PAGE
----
“There’s no question,” Klay Thompson said. “It’s a privilege to play for the U.S.A. There are so many talented players that it’s truly an honor to get chosen to play on the world stage for the U.S.A. I’ve had one other competition experience with (the National Team), but nothing compares to this. We’ve been working for this all summer. So we have great pride in what we’re doing out there.”

Getting a feel for the gym

The U.S. team had an extra day between its semifinal win (Thursday) and Serbia’s (Friday). But the U.S. had to travel about 400 miles from Barcelona to Madrid. And Saturday was their first exposure to the Palacio de los Deportes in Spain’s capital.

“It wasn’t really an extra day of rest,” USA head coach Mike Krzyzewski said. “It was a travel day. That’s one thing about coming from Barcelona, we have to get a comfort level for this court quickly, where whoever we played would have had a week playing on this court and not travel.”

No excuses, though.

“That’s not going to decide the game,” Krzyzewski added. “The game will be decided on whether we can play defense well enough to stop their very potent offense and score against their very good defense.”

Rematch

Since the break up of Yugoslavia, the United States and Serbia have never played each other in a senior-level, international competition. But this is a rematch of the championship game of the 2007 U19 tournament, when Serbia, playing at home, avenged a preliminary-round loss and beat the U.S., 74-69, for gold. Two Serbian players from that team, Raduljica and Stefan Markovic, start for the senior team now. And Stephen Curry was on that U.S. junior team.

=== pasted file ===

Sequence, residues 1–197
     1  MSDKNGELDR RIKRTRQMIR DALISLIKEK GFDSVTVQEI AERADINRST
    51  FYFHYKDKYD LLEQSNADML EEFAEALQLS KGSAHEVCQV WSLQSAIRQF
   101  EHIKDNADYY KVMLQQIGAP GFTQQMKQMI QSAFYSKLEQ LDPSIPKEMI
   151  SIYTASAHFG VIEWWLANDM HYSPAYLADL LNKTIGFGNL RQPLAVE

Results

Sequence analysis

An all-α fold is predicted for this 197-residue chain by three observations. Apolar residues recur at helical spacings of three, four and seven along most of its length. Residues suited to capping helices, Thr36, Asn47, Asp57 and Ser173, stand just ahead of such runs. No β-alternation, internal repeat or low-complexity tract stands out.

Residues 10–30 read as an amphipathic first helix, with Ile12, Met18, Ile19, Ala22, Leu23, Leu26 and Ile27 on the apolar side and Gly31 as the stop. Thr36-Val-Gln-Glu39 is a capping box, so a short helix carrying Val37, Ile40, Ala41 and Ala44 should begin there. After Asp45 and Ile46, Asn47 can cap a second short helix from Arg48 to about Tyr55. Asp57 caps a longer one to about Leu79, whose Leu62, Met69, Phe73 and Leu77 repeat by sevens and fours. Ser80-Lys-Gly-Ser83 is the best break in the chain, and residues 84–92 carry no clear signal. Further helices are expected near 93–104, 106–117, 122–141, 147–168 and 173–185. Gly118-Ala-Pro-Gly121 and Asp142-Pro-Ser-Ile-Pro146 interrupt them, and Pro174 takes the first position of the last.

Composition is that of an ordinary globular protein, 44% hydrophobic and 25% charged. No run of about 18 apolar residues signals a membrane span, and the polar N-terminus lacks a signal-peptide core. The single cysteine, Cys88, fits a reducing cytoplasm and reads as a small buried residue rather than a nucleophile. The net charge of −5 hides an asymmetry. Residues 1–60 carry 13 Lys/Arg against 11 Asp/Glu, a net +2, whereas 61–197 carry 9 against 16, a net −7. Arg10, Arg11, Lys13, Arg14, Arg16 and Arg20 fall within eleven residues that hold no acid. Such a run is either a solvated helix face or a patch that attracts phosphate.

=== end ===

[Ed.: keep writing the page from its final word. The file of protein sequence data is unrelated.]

“That’s a bad feeling,” Curry remembered. “It was tough winning silver in that game, so hopefully we can be on the other side of it this time around.”

France wins bronze

Nicolas Batum led France with 27 points as they edged Lithuania 95-93 in the bronze medal game Saturday night. Boris Diaw gave France the lead for good with a nifty reverse with 1:27 to play.

Jonas Valanciunas paced Lithuania with 25 points and nine rebounds.

Playing through the pain

Rudy Gay will get the U.S. iron man award, no matter if they take home gold or silver. The Sacramento Kings forward suffered a bruised jaw, a chipped tooth and might need a root canal when he returns home.

That skirmish at the end of the semifinal win over Lithuania was the aftermath of a cheap shot Gay took in the third quarter from one of the Lavrinovich twins, Gay wasn’t sure which one of them it was.

Gay will, however, be ready to play in Sunday’s gold medal game but he’ll do so while dealing with considerable pain.

Future star